There is a quiet time in recovery, a time to stand still and heal, a time to give ourselves a cooling off time. This is a time of introspection and healing. It is an important time. We deal with our issues.

There also comes a time when it is equally important to experiment, to begin to test the water.

Recovery does not equal abstention from life. Recovery means learning to live and learning to live fully. Recovery means exploration, investigation, and experimentation.

Recovery means being done with the rigid, shame-based rules from the past, and formulating healthy values based on self-love, love for others, and living in harmony with this world.

Experiment. Try something new. Maybe you won't like it. Maybe you'll make a mistake. But maybe you will like it, and maybe you'll discover something you love.

Today, I will give myself permission to experiment in life. I will stop rigidly holding myself back, and I will jump in when jumping in feels right. God, help me let go of my need to deprive myself of being alive.

From The Language of Letting Go by Melody Beattie ©1990, Hazelden Foundation. All rights reserved. No portion of this publication may be reproduced in any manner without the written permission of the publisher.
Being stuck way up north I read literature do service in my area,region,and homegroup.New friends new ways of life.Left old friend out there same old story they have .Like helping newcomers , I was one once,have to give back what was freely given to me .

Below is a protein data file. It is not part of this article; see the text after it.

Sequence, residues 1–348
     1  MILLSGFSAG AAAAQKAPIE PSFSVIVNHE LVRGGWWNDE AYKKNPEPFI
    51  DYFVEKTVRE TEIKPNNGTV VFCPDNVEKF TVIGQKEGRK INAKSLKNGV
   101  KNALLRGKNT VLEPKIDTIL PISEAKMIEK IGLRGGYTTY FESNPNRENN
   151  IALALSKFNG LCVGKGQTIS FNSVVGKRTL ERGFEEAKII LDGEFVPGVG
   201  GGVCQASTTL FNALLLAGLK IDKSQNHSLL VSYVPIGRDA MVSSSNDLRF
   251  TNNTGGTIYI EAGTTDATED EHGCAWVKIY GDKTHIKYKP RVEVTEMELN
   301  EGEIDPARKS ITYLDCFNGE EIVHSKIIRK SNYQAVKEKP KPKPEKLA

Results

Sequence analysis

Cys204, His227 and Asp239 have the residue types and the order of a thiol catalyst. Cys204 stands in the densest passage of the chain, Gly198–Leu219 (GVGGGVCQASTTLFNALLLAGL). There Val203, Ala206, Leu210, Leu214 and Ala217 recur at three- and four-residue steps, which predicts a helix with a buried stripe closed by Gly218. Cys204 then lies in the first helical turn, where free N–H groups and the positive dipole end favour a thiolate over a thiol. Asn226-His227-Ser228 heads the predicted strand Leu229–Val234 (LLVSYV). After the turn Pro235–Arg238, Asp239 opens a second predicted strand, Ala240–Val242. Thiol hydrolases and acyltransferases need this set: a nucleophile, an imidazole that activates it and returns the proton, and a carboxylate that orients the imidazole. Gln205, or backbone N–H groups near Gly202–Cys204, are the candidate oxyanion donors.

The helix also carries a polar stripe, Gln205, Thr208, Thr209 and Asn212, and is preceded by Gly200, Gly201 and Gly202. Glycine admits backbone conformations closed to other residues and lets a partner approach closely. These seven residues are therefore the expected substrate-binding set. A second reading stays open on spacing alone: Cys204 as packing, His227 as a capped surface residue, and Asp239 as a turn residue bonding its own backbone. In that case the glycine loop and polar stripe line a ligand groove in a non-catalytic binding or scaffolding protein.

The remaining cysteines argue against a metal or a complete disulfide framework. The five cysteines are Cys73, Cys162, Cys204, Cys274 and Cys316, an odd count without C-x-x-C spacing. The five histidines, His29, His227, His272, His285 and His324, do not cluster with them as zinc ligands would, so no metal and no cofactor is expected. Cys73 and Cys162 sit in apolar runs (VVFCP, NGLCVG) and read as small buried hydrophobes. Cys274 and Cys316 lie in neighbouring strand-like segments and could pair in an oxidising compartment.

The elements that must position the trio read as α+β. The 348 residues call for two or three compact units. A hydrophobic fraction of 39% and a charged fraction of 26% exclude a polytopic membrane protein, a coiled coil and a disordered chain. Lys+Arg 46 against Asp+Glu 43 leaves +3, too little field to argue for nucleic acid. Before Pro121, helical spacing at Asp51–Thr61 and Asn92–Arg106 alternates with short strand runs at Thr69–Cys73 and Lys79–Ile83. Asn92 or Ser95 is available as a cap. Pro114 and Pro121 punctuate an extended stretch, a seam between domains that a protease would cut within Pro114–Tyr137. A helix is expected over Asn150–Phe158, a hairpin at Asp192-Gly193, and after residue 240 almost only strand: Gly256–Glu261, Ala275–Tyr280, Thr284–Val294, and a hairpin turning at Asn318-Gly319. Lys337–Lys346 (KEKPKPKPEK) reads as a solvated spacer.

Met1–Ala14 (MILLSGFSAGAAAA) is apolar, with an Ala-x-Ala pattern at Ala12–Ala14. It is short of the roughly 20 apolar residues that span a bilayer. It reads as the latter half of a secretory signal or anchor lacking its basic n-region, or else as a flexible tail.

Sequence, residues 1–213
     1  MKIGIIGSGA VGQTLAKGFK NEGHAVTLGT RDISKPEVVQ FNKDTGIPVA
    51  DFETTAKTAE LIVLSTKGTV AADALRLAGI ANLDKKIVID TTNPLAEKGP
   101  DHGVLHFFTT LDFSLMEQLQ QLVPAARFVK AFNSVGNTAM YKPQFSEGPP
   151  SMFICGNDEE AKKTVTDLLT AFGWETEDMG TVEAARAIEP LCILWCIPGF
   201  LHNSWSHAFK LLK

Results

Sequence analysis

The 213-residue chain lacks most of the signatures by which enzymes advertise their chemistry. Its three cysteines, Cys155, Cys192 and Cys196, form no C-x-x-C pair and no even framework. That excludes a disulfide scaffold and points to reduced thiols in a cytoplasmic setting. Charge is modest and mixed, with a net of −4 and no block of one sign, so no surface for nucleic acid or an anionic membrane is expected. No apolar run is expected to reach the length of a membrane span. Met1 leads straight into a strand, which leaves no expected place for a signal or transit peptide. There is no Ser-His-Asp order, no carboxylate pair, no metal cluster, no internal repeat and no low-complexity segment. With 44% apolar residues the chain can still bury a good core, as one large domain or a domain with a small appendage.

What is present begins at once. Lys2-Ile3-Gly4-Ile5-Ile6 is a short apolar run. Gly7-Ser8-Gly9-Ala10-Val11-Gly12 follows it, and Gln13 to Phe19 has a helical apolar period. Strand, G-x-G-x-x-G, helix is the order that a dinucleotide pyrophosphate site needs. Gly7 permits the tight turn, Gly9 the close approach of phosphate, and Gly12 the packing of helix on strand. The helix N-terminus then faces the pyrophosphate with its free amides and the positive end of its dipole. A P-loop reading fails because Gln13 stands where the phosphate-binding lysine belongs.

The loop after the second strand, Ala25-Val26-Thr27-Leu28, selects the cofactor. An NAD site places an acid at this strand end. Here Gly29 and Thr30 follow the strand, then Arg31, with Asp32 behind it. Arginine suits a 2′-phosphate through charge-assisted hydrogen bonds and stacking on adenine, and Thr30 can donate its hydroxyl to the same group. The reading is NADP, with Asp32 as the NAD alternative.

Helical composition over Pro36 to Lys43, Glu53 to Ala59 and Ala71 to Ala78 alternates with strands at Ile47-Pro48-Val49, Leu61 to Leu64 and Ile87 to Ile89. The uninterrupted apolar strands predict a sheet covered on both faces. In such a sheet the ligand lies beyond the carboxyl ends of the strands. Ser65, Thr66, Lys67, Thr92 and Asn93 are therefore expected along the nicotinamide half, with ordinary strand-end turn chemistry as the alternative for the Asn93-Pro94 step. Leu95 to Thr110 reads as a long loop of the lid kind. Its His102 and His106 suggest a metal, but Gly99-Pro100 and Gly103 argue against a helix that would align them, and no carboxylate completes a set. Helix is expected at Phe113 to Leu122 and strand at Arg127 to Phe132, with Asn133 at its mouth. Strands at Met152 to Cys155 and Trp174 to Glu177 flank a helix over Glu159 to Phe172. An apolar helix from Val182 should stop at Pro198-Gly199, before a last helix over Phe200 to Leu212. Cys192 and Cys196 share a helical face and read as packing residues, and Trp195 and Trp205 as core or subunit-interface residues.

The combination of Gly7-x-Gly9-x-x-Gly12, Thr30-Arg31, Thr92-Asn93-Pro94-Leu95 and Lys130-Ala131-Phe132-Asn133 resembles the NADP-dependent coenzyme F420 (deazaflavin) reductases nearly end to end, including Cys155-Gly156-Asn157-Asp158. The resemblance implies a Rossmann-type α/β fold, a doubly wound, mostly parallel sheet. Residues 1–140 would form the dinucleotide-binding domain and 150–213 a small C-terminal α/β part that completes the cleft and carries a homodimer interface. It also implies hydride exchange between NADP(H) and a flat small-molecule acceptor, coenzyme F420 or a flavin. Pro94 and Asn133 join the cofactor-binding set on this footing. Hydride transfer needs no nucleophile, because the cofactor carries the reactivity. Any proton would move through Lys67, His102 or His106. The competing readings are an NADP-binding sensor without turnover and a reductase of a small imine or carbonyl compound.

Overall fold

Offline CD

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Re: You are reading from the book The Language of Letting Go.
« Reply #340 on: March 29, 2013, 12:35:11 PM »
You are reading from the book The Language of Letting Go

Getting Needs Met

Picture yourself walking through a meadow. There is a path opening before you. As you walk, you feel hungry. Look to your left. There's a fruit tree in full ripe. Pick what you need.

Steps later, you notice you're thirsty. On your right, there's a fresh water spring.

When you are tired, a resting place emerges. When you are lonely, a friend appears to walk with you. When you get lost, a teacher with a map appears.

Before long, you notice the flow: need and supply, desire and fulfillment. Maybe, you wonder, someone gave me the need because someone planned to fulfill it. Maybe I had to feel the need, so I would notice and accept the gift. Maybe closing my eyes to the desire closes my arms to its fulfillment.

Demand and supply, desire and fulfillment -- a continuous cycle, unless we break it. All the necessary supplies have already been planned and provided for this journey.

Today, everything I need shall be supplied to me.

From The Language of Letting Go by Melody Beattie ©1990, Hazelden Foundation. All rights reserved. No portion of this publication may be reproduced in any manner without the written permission of the publisher.
Being stuck way up north I read literature do service in my area,region,and homegroup.New friends new ways of life.Left old friend out there same old story they have .Like helping newcomers , I was one once,have to give back what was freely given to me .

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Re: You are reading from the book The Language of Letting Go.
« Reply #339 on: March 28, 2013, 09:57:05 AM »
 Thursday, March 28, 2013
You are reading from the book The Language of Letting Go

Balance

Seek balance.

Balance emotions with reason.

Combine detachment with doing our part.

Balance giving with receiving.

Alternate work with play, business with personal activities.

Balance tending to our spiritual needs with tending to our other needs.